Tinderbox succeeded in part because of its relatively low amount of attendees, only 22,000 people. The concerts were consistently intimate, while still being strong enough in crowd numbers to get the festival atmosphere. It was up to the individual festival-goer how intimate they wanted the concert to feel, because it was possible to get exactly the spot you had wanted even when arriving after the concert had started. This intimacy of the concerts influenced the crowd, making them shout and dance even more – and the artists clearly felt the energy and responded. During the second day of Tinderbox Denmark experienced heavy rain, but this only reinforced the spirit of the most hardcore festival-goers to continue having a blast.
The huge success of Tomorrowland festival influenced this newly born festival, as Magicbox, their electronic stage located at the local open-air swimming pool – had been designed with the inspiration from the mega-electronic festival Tomorrowland. It was not long before it became apparent that Magicbox would be the scene to do some serious partying as names such as Robin Schulz, R3hab, Tensnake would take over the stage and bring the crowd to a prolonged climax.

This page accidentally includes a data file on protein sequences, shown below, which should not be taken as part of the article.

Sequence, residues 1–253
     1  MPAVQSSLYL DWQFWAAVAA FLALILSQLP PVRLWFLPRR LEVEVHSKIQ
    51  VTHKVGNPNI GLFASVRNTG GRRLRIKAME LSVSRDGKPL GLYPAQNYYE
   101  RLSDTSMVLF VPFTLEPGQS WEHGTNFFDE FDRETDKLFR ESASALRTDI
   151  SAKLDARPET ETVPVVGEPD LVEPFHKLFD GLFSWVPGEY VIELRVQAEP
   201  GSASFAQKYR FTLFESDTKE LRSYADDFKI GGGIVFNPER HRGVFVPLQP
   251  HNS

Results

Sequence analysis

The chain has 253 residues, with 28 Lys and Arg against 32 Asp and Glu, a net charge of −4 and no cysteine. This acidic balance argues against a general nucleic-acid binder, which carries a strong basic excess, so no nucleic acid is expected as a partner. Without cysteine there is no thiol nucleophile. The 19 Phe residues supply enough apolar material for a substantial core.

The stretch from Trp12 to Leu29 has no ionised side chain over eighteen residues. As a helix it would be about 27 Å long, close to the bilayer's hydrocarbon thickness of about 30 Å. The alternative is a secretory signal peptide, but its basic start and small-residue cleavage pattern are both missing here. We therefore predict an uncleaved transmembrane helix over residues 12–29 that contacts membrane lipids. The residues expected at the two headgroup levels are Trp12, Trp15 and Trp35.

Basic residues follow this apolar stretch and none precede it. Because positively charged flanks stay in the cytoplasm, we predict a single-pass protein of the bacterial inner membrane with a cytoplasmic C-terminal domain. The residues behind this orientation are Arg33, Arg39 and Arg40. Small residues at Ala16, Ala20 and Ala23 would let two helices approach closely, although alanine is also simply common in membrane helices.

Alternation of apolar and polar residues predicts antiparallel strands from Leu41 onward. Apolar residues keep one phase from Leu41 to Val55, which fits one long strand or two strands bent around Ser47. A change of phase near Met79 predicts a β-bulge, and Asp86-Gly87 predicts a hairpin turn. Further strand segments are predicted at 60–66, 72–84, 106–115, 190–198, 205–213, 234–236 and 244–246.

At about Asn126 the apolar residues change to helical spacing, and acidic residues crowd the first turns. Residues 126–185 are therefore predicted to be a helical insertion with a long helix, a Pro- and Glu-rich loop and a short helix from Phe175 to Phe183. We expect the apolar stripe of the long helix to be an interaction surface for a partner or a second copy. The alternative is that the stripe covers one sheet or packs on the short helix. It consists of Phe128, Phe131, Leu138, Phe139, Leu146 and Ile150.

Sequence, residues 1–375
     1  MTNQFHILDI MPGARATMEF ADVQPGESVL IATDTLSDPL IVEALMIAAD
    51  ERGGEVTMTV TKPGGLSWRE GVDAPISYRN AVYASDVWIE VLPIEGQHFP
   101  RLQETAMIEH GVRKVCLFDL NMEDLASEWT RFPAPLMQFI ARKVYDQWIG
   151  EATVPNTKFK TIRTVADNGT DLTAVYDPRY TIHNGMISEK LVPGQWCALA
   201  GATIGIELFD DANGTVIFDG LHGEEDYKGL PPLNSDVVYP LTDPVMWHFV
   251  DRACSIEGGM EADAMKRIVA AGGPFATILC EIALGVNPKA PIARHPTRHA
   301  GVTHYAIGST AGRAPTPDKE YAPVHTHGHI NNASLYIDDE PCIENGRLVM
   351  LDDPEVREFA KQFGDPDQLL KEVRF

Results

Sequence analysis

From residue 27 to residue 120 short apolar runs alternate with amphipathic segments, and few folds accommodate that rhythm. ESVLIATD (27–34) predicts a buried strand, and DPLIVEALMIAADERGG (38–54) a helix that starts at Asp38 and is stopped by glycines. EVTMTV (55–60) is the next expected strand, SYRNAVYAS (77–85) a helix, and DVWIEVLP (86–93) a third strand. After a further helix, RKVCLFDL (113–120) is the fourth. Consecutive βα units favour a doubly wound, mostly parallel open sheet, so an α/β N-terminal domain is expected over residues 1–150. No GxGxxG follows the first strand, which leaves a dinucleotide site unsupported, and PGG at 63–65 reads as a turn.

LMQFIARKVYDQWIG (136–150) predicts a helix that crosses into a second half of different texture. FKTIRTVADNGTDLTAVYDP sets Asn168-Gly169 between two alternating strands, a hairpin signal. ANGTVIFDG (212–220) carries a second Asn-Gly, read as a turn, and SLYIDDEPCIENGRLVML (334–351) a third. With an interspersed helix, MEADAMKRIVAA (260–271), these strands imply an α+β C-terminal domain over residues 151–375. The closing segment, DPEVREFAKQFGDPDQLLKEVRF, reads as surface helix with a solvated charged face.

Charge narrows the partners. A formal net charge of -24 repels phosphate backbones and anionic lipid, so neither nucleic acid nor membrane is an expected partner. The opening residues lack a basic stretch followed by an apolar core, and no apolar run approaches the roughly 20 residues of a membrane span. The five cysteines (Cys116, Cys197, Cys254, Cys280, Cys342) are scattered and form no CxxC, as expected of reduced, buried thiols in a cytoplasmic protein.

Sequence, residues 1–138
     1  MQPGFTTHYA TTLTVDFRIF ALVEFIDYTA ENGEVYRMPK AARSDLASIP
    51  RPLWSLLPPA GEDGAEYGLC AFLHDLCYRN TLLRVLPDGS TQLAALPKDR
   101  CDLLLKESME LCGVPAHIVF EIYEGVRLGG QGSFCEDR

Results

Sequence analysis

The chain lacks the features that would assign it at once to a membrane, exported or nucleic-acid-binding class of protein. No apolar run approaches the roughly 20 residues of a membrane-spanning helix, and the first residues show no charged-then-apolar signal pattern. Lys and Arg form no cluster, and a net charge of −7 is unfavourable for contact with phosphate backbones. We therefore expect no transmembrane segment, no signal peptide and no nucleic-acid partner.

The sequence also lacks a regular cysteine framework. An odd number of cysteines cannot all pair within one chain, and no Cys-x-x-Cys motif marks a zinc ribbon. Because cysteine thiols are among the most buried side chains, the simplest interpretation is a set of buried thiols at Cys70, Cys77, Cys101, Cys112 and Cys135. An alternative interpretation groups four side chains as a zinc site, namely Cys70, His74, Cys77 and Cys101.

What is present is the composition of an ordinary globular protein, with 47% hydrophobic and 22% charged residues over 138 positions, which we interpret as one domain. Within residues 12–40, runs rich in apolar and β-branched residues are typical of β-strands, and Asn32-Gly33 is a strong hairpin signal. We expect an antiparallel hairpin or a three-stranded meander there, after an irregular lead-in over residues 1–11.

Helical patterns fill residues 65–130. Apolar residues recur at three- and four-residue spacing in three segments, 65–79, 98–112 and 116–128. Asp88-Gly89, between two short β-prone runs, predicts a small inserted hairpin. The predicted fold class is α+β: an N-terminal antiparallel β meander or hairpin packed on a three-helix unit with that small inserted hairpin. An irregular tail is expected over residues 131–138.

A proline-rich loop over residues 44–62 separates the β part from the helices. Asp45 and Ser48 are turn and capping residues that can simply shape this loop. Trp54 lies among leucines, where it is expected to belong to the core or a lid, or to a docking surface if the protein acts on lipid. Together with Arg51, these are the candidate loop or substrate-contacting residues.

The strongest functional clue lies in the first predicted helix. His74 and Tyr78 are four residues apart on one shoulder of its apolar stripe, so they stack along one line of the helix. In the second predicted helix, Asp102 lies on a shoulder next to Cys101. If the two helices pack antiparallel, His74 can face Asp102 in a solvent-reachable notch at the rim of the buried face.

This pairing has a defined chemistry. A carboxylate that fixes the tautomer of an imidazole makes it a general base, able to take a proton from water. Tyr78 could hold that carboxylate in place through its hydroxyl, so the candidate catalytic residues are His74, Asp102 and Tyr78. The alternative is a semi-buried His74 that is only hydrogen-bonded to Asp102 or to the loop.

Despite Magicbox being a general success, it was apparent from the comments of some festivalgoers that the line-up had a bit too much dance and electronic music in comparison to rock. The rock bands at Tinderbox included: Black Rebel Motorcycle Club, The Cardigans, Faith No More, Royal Blood. Tinderbox could, however, pride itself on their electronic and dance parties. They managed these wonderfully, as both Friday and Saturday would contain the best dance music of the 90’s and today. The classic dance-floor hit-makers of the 1990’s, Faithless and The Prodigy, and rock legends Faith No More, made sure that the young and old crowd could share in on some memorable concerts with a light show and an atmosphere very reminiscent of a 1998 festival. Then they jumped 15 years ahead in the ten minutes between concerts to the major electro-house and EDM artists Calvin Harris and Axwell Ʌ Ingrosso.